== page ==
Friday, April 08, 2016

State-run healthcare websites aren't as secure as you'd think


Health insurance websites in California, Kentucky and Vermont apparently aren't as secure as they should be. According to the Associated Press, based on the vulnerabilities found by the Government Accountability Office, other states' health care websites could be just as ripe for intrusions. Without naming names, the GAO reported that one state didn't encrypt passwords, another didn't have the right type of encryption server-side and the last anonymous state failed to "properly use a filter to block hostile attempts" to visit its site.

The scary part is that some of the issues still exist, even though the GAO's examination concluded last March. Former Kentucky governor Steve Beshear says that no information was compromised and there were never any security breaches, however. The GAO says that isn't much better about security either, but, that like Kentucky, private data has not been lost or pilfered despite numerous "security incidents." Comforting!

It isn't all unsettling news though. From the sounds of it, the Golden State's Covered California site is trying its best to prevent intrusions and fix any new holes since the GAO's investigation concluded. There's a joke that could be made here about the government's attitude toward encryption given current events, but I'm going to let the comment section sort that one out.

Source: Associated Press


Thursday, April 07, 2016

Basis Peak gets smarter with music control and activity editing


The Basis Peak fitness tracker just got an update that controls the music playing on an Android or iOS device and lets users manually enter the type and duration of a workout. Good news for music fans that get in shape with activities that might necessarily get tracked like yoga or surfing.

Workout editing is done within the app and can be applied to old activities as well as recent ones. To control your jams, a music app will have to playing on your phone before you can adjust the volume and change tracks. It supports any media app on iOS and Google Play, Amazon and Spotify on Android.

The Peak with its black and white display has been marketed as more of a workout companion than a full on smartwatch like the Apple Watch or Android Wear. But Basis has added smarter features like notifications to appease people that don't want to take their phone out of their pocket just see who's texting them.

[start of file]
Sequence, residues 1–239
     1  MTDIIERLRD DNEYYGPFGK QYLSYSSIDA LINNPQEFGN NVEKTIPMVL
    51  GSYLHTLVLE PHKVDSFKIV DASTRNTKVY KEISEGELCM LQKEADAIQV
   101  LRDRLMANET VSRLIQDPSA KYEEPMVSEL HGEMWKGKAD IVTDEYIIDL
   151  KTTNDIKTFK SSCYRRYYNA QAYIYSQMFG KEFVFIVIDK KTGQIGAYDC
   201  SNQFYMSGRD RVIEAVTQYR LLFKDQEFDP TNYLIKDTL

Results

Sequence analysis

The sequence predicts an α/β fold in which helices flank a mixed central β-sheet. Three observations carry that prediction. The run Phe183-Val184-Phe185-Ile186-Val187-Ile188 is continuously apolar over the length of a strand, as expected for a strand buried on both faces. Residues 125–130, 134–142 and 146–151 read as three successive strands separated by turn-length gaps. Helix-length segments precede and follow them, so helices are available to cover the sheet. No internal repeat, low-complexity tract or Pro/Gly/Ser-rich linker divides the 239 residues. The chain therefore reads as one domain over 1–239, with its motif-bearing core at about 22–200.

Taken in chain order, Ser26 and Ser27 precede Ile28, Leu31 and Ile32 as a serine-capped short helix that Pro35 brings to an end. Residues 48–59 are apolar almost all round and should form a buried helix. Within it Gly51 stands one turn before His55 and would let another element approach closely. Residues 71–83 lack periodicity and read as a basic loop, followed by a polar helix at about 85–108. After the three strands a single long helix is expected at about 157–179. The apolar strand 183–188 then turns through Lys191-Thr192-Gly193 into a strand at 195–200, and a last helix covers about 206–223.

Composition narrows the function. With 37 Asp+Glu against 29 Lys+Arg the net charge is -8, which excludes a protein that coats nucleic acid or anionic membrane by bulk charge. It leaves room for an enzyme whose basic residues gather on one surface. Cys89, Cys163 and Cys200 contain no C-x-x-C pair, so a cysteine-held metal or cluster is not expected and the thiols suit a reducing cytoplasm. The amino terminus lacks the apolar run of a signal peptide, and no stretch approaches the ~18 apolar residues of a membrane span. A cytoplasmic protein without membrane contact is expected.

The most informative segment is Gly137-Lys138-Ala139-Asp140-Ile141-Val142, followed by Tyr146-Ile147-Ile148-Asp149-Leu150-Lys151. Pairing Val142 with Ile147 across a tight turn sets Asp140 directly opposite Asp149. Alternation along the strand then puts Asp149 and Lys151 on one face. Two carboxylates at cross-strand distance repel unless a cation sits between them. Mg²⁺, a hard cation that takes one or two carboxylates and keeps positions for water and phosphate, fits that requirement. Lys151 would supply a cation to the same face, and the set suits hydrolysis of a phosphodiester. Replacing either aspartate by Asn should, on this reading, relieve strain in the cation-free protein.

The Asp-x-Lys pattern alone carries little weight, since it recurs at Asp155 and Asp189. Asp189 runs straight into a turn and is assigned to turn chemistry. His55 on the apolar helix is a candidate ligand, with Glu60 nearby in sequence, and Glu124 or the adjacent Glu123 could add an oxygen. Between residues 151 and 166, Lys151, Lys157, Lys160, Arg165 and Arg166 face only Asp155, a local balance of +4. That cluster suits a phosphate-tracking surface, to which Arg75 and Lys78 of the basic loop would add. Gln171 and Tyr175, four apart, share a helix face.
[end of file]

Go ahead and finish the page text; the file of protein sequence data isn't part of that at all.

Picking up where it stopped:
Today's update along with last year's update that let it talk to other fitness apps is more inline with the band's original workout ethos.

Source: Basis


Tuesday, April 05, 2016

Panasonic's Lumix GX85 is a compact camera that packs a punch


The Lumix series is expanding with the GX85, an interchangeable lens mirrorless camera featuring a compact body and impressive specs. Panasonic says this shooter combines the best of its GX8 and GX7, but with some improvements over both. For starters, the Lumix GX85 sports a 16-megapixel Live MOS sensor and a new Venus Engine processor, along with a max ISO of 25,600, WiFi, up to 8-fps continuos shooting and in-camera image stabilization. Panasonic's also eliminated the low-pass filter, which should help you capture sharp and color-accurate pictures.

Not surprisingly, given how Panasonic has been a big proponent of 4K, the GX85 also records Ultra HD (3,849 x 2,160) videos at 24 and 30 fps, as well as 1080p at 60 fps. And if you're familiar with the Lytro camera, you'll probably like playing around with Panasonic's Post Focus function. So how does that work? The GX85 uses 49 areas from its autofocus system, near or far, to record every single focal point and, after you take a shot, you tap anywhere on the 3-inch screen to choose your preferred focus area. That means you could end up having 49 different pictures.

Panasonic's Lumix GX85 is coming to the US in mid-May for $800, which includes a 12-32mm kit lens and your choice of a black or silver model.


Monday, April 04, 2016

World's most powerful X-ray laser will get 10,000 times brighter


If you think that Stanford's use of an super-bright X-ray laser to study the atom-level world is impressive, you're in for a treat. The school and its partners have started work on an upgrade, LCLS-II (Linac Coherent Light Source II), whose second laser beam will typically be 10,000 times brighter and 8,000 times faster than the first -- up to a million pulses per second. The feat will require an extremely cold (-456F), niobium-based superconducting accelerator cavity that conducts electricity with zero losses. In contrast, the original laser shoots through room-temperature copper at a relatively pedestrian 120 pulses per second.

The first X-ray laser isn't going away -- if anything, it'll be more useful than ever. The combination of the two beams will cover a wider energy range and help scientists study extremely small and extremely fast processes that either couldn't be recorded before or would take ages to examine in full. That, in turn, should lead to discoveries that advance electronics, energy and medicine. The big challenge is simply waiting for the upgrade, since it won't be ready until sometime in the early 2020s.

The LCLS-II accelerator upgrade

Source: SLAC National Accelerator Laboratory